The situation rapidly changed for me, however, when my professor, having been turned down, began to sprinkle virtually every conversation we had with references to my gender (telling me that my comprehensive exams were extraordinarily rigorous for a woman’s) and my personal life (suggesting that I was studying Russian to please my boyfriend).
I swallowed all of this. I had learned to expect and endure such sexist comments, and I had been taught, along with many other women of my generation, that being nice to people, trying not to expose their failings, particularly if they were men, was more important than standing up for myself.
Then one day this professor jovially instructed me that it was “time for class, dear” and patted me on my rear end at the open doorway of a classroom full of other students, mostly male. My impulse, believe it or not, after I had run down the hall in humiliation, was to tell him how degrading that gesture had been to me, with what economy and precision he had reduced me, in front of my colleagues, from fellow philosopher-in-training to … to what? I’m not sure I can say exactly what. Perhaps to a child, perhaps to a piece of meat, perhaps to someone so inconsequential that my personal boundaries and integrity were irrelevant.
When I tried to tell him how I felt, the professor laughed and told me that I ought not to be so sensitive, a further humiliation that I didn’t even try to explain to him. Instead, I sought understanding from my fellow students. My closest friends were men; they told me, “Well, what did you expect? You don’t exactly dress like a nun!”
Even in those more naive times, I knew that my friends were wrong, that my professor’s gesture, although it involved physical contact with my bottom, was not a sexual advance but an attempt — conscious or otherwise — to put me back in my place.
The same dynamics, if we believe Anita Hill, were at work when Clarence Thomas shoved pornography under her nose. When Hill made her discomfort at his talk of oral sex and penis size clear to him, she sensed “that it urged him on, as though my reaction of feeling ill at ease and vulnerable was what he wanted.” Thomas’s coin was sex talk. But what made his behavior harassment was his refusal to stop talking dirty even after Hill, a subordinate, had made her discomfort clear.
Thomas’s actions, and those of my professor, were neither the actions of men confused about the rules of sexual courting, nor the behavior of sex fiends unable to control their hormones. They were the actions of gender bullies, trying to bring uppity women down to size, to restore a balance of power in which they were on top.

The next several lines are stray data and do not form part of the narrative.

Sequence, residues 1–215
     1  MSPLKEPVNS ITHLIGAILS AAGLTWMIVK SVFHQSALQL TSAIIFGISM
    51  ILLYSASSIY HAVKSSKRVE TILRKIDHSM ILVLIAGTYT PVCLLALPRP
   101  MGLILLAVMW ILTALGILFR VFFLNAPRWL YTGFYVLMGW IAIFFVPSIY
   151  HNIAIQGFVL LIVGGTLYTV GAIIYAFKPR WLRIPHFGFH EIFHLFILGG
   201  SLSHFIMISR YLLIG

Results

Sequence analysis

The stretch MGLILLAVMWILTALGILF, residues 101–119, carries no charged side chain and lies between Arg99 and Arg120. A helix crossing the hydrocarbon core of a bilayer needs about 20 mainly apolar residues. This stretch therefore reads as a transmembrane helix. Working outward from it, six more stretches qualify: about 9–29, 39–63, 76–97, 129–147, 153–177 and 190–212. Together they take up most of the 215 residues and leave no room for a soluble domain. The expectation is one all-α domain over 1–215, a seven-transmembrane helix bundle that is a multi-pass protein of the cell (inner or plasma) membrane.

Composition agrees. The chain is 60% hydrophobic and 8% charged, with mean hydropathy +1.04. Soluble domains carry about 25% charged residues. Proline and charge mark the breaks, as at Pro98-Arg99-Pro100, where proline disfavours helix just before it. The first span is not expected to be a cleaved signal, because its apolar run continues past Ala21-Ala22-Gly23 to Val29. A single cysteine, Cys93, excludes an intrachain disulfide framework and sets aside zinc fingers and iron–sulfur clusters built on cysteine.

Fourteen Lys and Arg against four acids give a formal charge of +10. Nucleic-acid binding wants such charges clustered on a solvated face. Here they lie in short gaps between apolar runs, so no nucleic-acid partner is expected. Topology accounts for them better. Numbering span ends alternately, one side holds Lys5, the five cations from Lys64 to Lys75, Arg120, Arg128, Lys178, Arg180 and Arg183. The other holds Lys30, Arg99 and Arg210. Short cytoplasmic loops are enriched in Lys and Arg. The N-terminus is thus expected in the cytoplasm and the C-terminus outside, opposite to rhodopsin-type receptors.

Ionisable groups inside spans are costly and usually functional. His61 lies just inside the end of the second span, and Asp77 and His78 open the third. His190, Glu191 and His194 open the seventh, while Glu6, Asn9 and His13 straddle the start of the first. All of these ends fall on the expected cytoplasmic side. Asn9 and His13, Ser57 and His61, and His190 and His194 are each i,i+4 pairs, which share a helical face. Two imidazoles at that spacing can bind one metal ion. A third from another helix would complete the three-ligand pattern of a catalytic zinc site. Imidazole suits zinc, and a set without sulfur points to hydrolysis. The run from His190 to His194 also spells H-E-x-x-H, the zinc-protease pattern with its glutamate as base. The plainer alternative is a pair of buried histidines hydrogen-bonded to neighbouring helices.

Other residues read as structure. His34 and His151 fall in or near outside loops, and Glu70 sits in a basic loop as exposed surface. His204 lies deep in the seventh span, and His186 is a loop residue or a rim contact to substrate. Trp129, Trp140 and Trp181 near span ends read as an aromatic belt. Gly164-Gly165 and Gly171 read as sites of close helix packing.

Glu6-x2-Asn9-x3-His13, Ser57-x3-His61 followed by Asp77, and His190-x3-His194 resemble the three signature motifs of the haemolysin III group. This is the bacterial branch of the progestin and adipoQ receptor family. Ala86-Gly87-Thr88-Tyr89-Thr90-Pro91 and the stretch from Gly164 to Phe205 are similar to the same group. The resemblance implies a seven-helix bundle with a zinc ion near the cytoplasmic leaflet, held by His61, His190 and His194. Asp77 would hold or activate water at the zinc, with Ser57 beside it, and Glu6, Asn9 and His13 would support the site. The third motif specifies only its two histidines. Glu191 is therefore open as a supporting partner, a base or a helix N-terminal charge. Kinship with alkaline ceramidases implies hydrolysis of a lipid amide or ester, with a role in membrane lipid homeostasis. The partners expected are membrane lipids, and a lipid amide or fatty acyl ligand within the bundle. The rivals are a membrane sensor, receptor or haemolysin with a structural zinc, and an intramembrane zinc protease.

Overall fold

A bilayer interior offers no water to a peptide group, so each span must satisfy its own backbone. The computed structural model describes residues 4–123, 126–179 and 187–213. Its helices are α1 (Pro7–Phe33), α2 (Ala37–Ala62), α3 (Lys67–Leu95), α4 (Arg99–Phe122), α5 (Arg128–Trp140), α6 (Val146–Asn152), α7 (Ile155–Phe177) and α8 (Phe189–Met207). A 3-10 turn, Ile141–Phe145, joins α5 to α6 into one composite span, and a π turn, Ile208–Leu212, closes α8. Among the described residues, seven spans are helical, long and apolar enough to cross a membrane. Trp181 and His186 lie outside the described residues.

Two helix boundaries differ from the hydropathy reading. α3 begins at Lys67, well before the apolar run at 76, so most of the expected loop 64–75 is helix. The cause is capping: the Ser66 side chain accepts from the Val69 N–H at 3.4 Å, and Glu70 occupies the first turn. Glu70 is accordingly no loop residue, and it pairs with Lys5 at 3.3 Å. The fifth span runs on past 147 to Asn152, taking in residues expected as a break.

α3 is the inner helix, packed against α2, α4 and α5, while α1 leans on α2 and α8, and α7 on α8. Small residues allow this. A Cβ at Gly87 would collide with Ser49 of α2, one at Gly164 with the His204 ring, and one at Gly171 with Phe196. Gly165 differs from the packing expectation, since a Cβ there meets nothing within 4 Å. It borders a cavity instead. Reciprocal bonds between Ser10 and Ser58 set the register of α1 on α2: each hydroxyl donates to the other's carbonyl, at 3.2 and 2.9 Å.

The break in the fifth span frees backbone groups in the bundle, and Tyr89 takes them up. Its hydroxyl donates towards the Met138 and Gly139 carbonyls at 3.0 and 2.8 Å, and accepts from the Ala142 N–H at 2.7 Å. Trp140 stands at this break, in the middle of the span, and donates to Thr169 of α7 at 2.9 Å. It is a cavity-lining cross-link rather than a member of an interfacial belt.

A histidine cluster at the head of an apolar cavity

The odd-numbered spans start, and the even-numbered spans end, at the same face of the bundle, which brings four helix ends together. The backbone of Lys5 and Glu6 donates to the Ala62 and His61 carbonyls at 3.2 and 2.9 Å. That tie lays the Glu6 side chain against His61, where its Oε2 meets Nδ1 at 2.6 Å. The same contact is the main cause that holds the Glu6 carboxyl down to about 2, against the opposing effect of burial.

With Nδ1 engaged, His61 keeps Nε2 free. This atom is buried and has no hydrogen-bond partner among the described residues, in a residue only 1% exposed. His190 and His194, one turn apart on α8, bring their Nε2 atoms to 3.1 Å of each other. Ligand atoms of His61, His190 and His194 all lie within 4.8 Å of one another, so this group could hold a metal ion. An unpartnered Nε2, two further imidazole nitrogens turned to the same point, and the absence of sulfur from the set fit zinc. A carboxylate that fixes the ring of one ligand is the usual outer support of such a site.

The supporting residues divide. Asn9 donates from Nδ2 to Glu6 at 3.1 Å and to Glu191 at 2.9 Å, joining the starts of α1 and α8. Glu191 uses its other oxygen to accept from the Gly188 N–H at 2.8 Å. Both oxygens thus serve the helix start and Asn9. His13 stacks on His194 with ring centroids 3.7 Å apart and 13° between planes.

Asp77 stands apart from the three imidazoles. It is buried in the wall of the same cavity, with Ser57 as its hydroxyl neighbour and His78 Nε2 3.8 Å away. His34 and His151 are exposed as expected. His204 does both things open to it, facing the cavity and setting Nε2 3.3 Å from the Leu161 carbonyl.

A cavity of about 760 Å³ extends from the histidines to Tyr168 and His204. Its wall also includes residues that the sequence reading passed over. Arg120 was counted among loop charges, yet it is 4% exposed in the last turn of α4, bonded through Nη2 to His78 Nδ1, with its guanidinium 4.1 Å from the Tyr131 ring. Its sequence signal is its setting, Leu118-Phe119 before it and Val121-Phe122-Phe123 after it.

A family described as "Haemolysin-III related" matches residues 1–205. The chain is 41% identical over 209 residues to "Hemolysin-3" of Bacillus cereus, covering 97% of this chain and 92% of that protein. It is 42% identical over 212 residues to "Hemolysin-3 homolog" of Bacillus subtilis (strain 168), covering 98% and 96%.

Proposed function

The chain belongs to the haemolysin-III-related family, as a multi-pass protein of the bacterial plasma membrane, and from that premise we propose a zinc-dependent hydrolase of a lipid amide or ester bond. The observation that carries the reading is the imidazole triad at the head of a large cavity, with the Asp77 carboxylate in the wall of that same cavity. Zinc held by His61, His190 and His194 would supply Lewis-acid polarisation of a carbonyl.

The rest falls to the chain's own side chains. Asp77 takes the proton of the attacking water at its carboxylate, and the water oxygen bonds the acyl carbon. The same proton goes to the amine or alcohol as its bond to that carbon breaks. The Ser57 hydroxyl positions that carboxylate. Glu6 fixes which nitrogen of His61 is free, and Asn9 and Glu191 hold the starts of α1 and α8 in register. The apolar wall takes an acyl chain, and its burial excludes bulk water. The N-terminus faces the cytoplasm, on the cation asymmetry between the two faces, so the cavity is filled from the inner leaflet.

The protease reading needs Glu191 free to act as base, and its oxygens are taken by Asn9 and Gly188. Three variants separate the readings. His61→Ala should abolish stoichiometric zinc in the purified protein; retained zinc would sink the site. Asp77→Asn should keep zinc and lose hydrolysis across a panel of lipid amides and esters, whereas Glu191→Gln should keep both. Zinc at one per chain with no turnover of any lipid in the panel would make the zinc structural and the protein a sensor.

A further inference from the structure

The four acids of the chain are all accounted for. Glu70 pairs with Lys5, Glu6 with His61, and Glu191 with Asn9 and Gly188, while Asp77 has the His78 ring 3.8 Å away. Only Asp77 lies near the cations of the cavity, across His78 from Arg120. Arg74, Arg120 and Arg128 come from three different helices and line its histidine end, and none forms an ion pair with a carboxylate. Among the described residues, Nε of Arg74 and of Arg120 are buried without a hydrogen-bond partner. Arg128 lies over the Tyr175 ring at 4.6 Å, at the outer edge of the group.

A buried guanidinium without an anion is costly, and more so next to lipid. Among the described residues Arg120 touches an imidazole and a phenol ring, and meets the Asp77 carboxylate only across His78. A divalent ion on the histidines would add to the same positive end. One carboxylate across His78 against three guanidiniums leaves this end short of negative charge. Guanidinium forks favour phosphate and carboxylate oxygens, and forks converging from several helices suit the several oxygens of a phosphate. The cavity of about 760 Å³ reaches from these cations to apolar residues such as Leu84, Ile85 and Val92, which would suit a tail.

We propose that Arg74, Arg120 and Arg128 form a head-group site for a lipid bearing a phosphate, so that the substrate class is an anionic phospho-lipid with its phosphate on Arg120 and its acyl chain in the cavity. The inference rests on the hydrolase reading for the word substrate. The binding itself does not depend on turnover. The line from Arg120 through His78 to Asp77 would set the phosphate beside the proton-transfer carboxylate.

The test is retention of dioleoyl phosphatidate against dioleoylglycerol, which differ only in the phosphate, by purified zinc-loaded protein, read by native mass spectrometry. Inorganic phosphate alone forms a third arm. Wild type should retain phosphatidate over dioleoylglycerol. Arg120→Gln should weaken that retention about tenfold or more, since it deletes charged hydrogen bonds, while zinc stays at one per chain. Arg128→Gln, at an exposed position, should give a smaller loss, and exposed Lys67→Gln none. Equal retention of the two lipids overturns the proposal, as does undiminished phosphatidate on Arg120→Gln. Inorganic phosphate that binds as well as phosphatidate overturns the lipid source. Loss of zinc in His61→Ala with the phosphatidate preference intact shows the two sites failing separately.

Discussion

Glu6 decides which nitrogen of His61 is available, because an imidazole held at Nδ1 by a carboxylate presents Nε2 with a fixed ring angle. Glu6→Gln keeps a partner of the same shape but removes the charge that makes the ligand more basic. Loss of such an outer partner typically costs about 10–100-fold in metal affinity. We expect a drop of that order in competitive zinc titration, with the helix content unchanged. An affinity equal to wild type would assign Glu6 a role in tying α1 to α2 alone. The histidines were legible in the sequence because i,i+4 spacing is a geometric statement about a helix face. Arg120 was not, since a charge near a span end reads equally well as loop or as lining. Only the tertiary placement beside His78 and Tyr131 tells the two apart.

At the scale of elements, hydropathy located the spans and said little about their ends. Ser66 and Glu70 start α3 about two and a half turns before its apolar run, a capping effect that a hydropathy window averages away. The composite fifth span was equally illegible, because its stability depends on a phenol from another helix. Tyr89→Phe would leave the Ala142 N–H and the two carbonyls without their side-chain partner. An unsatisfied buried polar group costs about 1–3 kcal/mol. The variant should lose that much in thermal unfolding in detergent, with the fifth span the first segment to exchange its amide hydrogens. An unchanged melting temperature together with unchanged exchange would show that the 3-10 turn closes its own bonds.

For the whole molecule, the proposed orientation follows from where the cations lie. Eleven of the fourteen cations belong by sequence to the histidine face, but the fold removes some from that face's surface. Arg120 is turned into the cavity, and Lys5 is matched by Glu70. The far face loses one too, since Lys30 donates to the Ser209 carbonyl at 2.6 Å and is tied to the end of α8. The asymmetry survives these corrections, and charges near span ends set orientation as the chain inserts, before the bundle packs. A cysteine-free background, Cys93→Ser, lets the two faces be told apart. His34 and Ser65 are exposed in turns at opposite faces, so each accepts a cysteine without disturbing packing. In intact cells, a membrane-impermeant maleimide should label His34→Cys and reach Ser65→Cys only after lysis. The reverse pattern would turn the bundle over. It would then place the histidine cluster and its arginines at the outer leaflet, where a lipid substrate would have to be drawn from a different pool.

Context shapes the meaning of gestures, and people often don’t know how their behavior will affect others. So, the issue of harassment is complex. In my view, a boss’s putting a calendar of naked women on the office wall is not in itself necessarily harassing; nor is a teacher’s putting an arm around a student. When does harassment begin? That’s not easy to specify in a rule. It’s clear that a boss or teacher who willfully ignores the objections of subordinates — whether to sexist comments or to sexual gestures — is abusing his or her power.
When subordinates don’t object, the situation becomes murkier, but that doesn’t necessarily mean that harassment hasn’t occurred. They may feel that their jobs and grades are at stake, but also, more subtly and yet profoundly, they may feel overwhelmed by the sheer power held by their bosses and teachers — the cultural power, that is, to control the language, interpretation, and “reality” of the situation. Subordinates may be sexually drawn to that power, too.
This is where the situation with Clinton — if he’s really been cavorting with Lewinsky — gets troublesome for a feminist: not with his galloping libido or boorish sexual etiquette, but with his seeming obliviousness to the power he holds. I don’t see any evidence — so far — that Clinton bullied Lewinsky. On the other hand, I don’t see an affair between Bill Clinton, President of the United States, and Monica Lewinsky, Intern — even if she came at him panting — as just an ordinary case of horny-old-guy-meets-horny-young-girl. Even as a lowly teacher, I know that “welcome” and “unwelcome” are not trustworthy categories to employ as the bottom line when a student’s sexual feelings for an authority figure are involved.
I feel my comments echoing backward in time. We’ve heard it all before. The dynamics of sexuality and power are among the issues that we had begun to explore in the wake of the Hill=Thomas hearings; they were set aside as grabs and gropes took center stage. We need to revive that more psychologically and politically nuanced conversation. We also need to begin to discuss the notions of masculinity and femininity that still inform the realities of harassment in our culture. Role reversals such as that in Disclosure, pandering to male fantasies and anxieties, have tried to make gender utterly irrelevant to conversations about harassment. But while women can and do harass men, it’s more often the other way around, and we need to focus on why that’s the case, and why many women simply accept harassment.